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Venezuela: Constitutional and legislative recognition of the principle of judicial independence

The independence of the judiciary must be guaranteed by the State and enshrined in the Constitution or the law.[1]

International standards prescribe, as a safeguard of judicial independence, that judges shall be free to form and join associations of judges or other organizations to represent their interests, to promote their professional training and to protect their judicial independence.[2] 

The Inter-American Commission of Human Rights has observed that independence of justice must be recognized in the constitutions and national laws of States, and that the State must be organized in a way that guarantees its independence.[3] The principle of mutual cooperation between branches of Government, provided in some constitutions of the region, should not undermine the independence of the judiciary, for example by expecting that its decisions or actions are taken only in accordance with the policy of the government in power.[4] 

The Statute of the Iberoamerican Judge states that “[t]he other powers of the State … must respect and make the independence of the judiciary efficient”.[5]

 

The Constitution of Venezuela recognizes the principle of separation of powers between different branches of the Government, and the need for cooperation between them to achieve the goals of the State.[6] The Constitutions and laws set out to this end, as described in further in other sub-sections below, provisions about the appointment and promotion of judges, financial autonomy, and judicial ethics and discipline.

However it is of concern that as a measure purported to guarantee judicial independence, the Constitution prohibits judges to form professional associations to guarantee their independence.[7] In contrast with international standards, which guarantee the right to form associations to represent their interests, to promote their professional training and, explicitly, “to protect their independence”,[8] the Constitution of Venezuela prohibits this, purportedly as a measure to protect judicial independence.

As described in Section A above, after the adoption of the Constitution in 1999, the National Constituent Assembly enacted the Decree creating the Transitional Regime of Public Powers,[9] which among other things, established the Commission for the Functioning and Restructuring of the Judicial System (CFRJS), whose members were appointed by the National Constituent Assembly and which assumed the competences of the Judicial Council during the transitional phase.[10] In practice, the creation of the CFRJS meant a division of the competences attributed by the Constitution to the Executive Directorate of the Judiciary. The CFRJS was in charge of the governance and administration of the courts, while the Executive Directorate administered the finances and human resources of the Judicial Power.[11]

The principle of mutual cooperation between branches of the government has been applied in a manner that severely affects the independence of the judiciary, as the government reads into it an obligation for judges to follow its instructions. A 2009 Inter-American Commission report on the state of democracy in Venezuela observed that a number of judges have been removed from office after they took decisions affecting the government interests,[12] without following procedure and without there being a serious grounds of misconduct,[13] as enshrined in international standards. Likewise, the attacks from the Executive Power against the judiciary have become a systematic practice,[14] creating an “atmosphere of fear amongst judges.”[15]

The case of Judge María Lourdes Afiuni Mora is emblematic. She was detained in 2009, a few hours after ordering the release on bail of Mr Eligio Cedeño, in part based on a decision by the UN Working Group on Arbitrary Detention, which had determined that the period of his detention had exceeded the maximum term permissible under Venezuelan law and was therefore arbitrary. The next day, then-President Chavez, in a nationwide radio and television broadcast, called the judge an “outlaw”[16] and proclaimed that she should be sentenced to a thirty-year prison term “in the name of the dignity of the country”,[17] a decision he stated to have discussed with the President of the Supreme Tribunal of Justice. Following this public instruction from the head of the Executive Branch, charges were filed against Judge Afiuni alleging corruption, abetting an escape, criminal conspiracy and abuse of power, and she spent two years detained in prison pending trial, during which time she was allegedly raped and suffered other types of cruel, inhuman and degrading treatment, until in February 2011 she was placed under house arrest on medical grounds, from which she was eventually released, albeit with restrictive conditions,[18] on 14 June 2013.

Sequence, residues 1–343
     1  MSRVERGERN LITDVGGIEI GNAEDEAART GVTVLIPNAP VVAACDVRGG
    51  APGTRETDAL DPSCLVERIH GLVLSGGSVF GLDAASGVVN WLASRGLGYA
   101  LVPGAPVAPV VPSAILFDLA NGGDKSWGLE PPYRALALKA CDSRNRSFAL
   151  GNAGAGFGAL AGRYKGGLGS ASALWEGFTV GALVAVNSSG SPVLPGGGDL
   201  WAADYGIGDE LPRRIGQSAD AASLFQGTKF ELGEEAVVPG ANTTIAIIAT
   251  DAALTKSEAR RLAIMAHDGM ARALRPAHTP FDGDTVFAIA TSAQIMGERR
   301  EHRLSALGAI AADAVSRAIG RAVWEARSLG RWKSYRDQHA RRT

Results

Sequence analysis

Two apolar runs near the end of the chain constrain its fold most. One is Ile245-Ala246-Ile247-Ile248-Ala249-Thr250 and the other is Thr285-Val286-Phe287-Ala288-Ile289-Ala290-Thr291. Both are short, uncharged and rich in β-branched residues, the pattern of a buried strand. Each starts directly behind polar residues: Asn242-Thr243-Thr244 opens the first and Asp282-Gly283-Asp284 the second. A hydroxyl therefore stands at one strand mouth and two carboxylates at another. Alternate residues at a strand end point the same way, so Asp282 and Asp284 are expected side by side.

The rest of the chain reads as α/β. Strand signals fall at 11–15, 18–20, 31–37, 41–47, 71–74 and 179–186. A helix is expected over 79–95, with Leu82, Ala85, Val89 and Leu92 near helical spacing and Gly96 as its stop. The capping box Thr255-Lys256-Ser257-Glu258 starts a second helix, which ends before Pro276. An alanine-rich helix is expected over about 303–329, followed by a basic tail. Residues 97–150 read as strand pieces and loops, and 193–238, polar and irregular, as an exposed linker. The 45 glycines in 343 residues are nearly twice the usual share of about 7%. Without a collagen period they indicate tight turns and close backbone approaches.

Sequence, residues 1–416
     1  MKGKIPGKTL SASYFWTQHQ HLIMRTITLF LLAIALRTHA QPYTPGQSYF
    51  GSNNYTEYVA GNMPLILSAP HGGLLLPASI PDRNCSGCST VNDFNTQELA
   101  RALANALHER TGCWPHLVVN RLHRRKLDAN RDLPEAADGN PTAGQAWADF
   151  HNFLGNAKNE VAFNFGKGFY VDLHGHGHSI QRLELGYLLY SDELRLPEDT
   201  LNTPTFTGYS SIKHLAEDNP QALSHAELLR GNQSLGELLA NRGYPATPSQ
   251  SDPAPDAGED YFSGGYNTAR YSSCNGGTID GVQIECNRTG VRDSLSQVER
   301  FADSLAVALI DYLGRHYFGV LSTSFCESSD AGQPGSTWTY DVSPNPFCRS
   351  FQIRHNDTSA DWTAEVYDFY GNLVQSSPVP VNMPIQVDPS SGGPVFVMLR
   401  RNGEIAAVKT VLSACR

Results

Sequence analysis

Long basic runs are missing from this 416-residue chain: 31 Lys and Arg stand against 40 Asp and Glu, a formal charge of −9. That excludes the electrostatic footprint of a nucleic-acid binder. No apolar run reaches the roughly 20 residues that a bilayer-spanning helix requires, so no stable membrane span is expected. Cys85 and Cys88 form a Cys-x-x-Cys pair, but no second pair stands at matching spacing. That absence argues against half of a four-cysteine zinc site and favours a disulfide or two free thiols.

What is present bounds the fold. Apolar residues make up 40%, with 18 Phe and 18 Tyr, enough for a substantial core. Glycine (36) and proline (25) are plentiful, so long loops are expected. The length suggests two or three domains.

Meanwhile, the criminal trial against judge Afiuni had started in November 2012. However, after frequent procedural delays caused by the presiding judge and the prosecution failing to appear at the trial for various inadequate reasons, in October 2013 the prosecution’s failure attend an evidentiary hearing caused the trial to be interrupted and annulled. At no stage of the trial had the prosecutor produced sufficient evidence to substantiate the allegations against judge Afiuni. The court has ordered a retrial, but as of November 2014 it is unclear when this will be held.

In parallel with the criminal proceedings, on 11 December 2009 the Judicial Commission suspended judge Afiuni without pay, without any prior proceeding or inquest, “until the General Inspectorate of Courts finishes its investigation”. She also faces two disciplinary proceedings, originating from complaints submitted by the General Inspectorate of Courts in 2012, as a result of investigations that were opened after her suspension. Judge Afiuni has challenged her suspension and the disciplinary actions brought against her in a petition pending before the Political-Administrative Chamber of the Supreme Tribunal of Justice. Furthermore, in June 2013 Judge Afiuni presented a request to the Executive Directorate of the Judiciary for the immediate reinstatement of her position as judge. As of 18 November 2014, however, she remains suspended.[19]

The government has held up her case as an example of what could happen to other judges who do not act in accordance with its wishes.

 

Footnotes    (↵ returns to text)

  1. 1. UN Basic Principles on the Independence of the Judiciary, Principle 1.

    The independence of the judiciary shall be guaranteed by the State and enshrined in the Constitution or the law of the country. It is the duty of all governmental and other institutions to respect and observe the independence of the judiciary.

  2. 2. UN Basic Principles on the Independence of the Judiciary, Principle 9.

    Judges shall be free to form and join associations of judges or other organizations to represent their interests, to promote their professional training and to protect their judicial independence.